Tina Fey is pretty widely regarded as one of the most brilliant comedic minds of this generation. That doesn’t mean she’s above making mistakes, though.
She sat down with David Letterman for his new Netflix show “My Next Guest Needs No Introduction” and the subject of “The Sheet Cake Segment” came up.
You may recall Fey’s infamous SNL Weekend Update rant in which she delivered a fiery and hilarious take down of alt-right groups and their rallies. The material was gold, and it’s work Tina is really proud of… … …
Riiiiiiiiiiight up until the end there, where Tina admits:
“I chumped it. I screwed up.”
You may recall that Fey ended the SNL rant by encouraging people to simply ignore the protests. First, she suggested people just buy a cake with an American Flag on it and eat it instead of showing up to counter protests. She then implied that counter protests are just “participating in screaming matches and potential violence.” She closed it out by again encouraging that people just ignore the issue:
“In conclusion, I really want to encourage all good, sane Americans to treat these rallies this weekend like the opening of a thoughtful movie with two female leads: Don’t show up.”
A lot of people felt the joke fell flat and sent the wrong message. People were quick to point out that the average citizen can’t afford to sit around and do nothing, but Tina — who is wealthy, educated, white, and famous — absolutely could.
To those people, Tina would like to say… you were right. Tina agrees the last few lines sent the wrong message and that it wasn’t her intention.
She told Letterman:
I felt like a gymnast who did, like, a very solid routine, and broke her ankle on the landing. Because it’s literally within the last – I think – two or three sentences of the piece that I chumped it. And I screwed up. And the implication was that I was telling people to give up and not be active and to not fight. That was not my intention, you know, obviously.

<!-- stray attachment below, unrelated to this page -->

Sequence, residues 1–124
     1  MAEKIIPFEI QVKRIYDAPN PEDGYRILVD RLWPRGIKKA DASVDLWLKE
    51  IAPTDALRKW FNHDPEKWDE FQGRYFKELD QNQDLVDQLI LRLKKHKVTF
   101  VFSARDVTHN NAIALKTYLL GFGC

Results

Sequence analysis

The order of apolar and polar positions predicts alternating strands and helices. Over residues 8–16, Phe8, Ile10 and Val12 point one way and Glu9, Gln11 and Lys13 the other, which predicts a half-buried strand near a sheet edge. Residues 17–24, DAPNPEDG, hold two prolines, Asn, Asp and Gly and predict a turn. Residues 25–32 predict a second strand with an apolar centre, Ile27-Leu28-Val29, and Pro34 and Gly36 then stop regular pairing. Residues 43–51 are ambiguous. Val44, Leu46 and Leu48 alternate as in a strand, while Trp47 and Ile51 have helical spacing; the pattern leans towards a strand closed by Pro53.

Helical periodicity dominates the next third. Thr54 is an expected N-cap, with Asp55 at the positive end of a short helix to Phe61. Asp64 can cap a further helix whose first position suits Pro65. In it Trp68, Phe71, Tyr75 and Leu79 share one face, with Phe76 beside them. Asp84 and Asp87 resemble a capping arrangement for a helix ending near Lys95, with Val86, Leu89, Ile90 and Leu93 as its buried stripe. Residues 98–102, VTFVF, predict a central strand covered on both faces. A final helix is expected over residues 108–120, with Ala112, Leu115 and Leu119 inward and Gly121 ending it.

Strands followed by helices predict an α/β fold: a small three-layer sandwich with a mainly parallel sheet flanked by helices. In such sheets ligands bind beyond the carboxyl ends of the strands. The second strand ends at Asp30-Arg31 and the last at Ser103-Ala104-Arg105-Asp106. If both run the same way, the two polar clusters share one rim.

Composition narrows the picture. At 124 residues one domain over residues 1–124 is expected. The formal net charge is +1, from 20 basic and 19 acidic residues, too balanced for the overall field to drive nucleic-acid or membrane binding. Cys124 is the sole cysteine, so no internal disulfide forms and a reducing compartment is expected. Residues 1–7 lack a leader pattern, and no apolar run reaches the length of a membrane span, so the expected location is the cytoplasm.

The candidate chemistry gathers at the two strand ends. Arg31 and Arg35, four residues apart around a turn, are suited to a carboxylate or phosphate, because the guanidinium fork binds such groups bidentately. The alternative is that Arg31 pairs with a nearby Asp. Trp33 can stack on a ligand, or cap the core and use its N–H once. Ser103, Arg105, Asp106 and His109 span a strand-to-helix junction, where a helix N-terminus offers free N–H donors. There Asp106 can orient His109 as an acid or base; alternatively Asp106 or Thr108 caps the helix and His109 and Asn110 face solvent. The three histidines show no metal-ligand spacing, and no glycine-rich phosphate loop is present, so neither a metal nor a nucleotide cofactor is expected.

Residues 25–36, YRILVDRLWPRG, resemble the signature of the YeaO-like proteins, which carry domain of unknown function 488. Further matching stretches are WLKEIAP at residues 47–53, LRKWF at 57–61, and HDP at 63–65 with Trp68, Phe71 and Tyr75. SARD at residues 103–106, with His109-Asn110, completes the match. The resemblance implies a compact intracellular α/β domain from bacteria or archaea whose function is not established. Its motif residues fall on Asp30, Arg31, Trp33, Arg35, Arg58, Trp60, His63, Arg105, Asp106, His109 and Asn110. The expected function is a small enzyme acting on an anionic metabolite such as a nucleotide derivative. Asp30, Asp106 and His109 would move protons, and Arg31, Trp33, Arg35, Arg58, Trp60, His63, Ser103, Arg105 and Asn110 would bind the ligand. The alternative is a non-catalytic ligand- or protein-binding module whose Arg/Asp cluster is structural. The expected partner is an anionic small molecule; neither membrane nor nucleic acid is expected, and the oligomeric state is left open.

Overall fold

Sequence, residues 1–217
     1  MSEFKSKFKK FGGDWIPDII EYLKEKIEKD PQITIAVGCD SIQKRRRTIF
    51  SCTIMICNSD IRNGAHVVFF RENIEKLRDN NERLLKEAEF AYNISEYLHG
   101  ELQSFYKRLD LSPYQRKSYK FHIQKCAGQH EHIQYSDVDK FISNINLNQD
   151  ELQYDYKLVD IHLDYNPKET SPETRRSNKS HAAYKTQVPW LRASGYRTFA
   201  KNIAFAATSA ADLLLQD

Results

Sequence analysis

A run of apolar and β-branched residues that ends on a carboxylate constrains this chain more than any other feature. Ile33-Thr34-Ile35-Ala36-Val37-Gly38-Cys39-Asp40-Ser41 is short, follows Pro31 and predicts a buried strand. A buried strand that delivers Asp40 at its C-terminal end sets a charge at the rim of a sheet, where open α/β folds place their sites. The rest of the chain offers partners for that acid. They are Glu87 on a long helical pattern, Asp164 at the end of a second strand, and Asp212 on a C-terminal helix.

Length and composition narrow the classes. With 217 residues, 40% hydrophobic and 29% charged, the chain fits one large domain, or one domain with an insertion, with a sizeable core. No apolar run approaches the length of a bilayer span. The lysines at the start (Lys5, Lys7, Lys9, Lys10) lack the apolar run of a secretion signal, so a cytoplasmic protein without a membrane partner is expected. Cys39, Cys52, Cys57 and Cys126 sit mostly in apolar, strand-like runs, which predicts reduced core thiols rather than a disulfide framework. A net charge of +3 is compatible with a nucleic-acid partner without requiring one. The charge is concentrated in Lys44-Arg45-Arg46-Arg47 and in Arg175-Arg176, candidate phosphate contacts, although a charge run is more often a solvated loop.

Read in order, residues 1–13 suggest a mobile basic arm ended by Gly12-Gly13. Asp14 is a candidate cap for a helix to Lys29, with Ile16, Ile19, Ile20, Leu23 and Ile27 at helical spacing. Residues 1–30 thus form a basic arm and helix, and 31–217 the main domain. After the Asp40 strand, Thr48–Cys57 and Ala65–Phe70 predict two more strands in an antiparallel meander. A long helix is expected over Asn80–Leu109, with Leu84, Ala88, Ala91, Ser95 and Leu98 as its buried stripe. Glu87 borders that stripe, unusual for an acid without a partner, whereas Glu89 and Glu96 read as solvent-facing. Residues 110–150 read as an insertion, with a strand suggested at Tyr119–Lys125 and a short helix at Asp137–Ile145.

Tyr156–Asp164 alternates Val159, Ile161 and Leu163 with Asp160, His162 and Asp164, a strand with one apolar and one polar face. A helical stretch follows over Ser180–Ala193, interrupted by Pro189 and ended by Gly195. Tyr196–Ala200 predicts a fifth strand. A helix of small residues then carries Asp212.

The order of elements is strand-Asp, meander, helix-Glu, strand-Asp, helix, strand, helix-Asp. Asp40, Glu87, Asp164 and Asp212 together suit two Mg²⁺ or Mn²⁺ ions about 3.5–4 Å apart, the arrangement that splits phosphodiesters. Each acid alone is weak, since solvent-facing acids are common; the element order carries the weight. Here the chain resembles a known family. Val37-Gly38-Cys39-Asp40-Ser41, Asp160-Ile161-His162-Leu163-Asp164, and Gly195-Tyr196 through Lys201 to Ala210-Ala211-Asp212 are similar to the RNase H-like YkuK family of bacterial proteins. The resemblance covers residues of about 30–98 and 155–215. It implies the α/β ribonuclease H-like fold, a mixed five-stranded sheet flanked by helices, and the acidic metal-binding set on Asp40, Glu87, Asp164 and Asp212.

She went on to explain that if she could do it again, she’d change a line:
If I could put one sentence back digitally, I would say fight them in every way except the way that they want, but I didn’t write that at the time. I wrote that two days later as I was pacing in my house, and that’s the nature of SNL.
Rather than making a big deal out of a public apology for it, she’s taking a more proactive and athletic approach. Tina wants people to know she is listening to criticism, she is taking notes and learning from her mistakes, and she’s not afraid to keep trying to help, even if she makes a mistake.
She’s going to keep going.
You have to be an athlete about it…I broke my ankle on the landing. Next time, I’ll try again
Folks really seemed to appreciate Fey’s admission:
This is cool and heartwarming. I love Tina Fey. https://t.co/iSDjixE1PR
— Emily Nussbaum (@emilynussbaum) May 4, 2018
She's really not a person who apologizes for stuff she's said, so you know she's serious about this and not just trying to win favor. Good woman.
— Jess (@JeskEyre) May 4, 2018
Agreed. Loved this interview. Thank you Dave
— Denise Naj (@naj_denise) May 6, 2018
Although others felt she had nothing to apologize for:
I've watched it two more times and I feel that Tina Fey mustered up all of my latent sarcasm and directed it into a sketch that said what I couldn't. I do not see what Ms. Fey has to apologize for.
— Whiskey in a Jar (@whiskeypath) May 5, 2018
I think she's being too hard on herself. I totally understood what she was trying to say.
— South Dallas Foodie (@SouthDallasFood) May 4, 2018
I thought it was right on the mark!
— Jenny O'Connor (@jen0323) May 4, 2018
Watch the skit for yourself here and let us know what you think.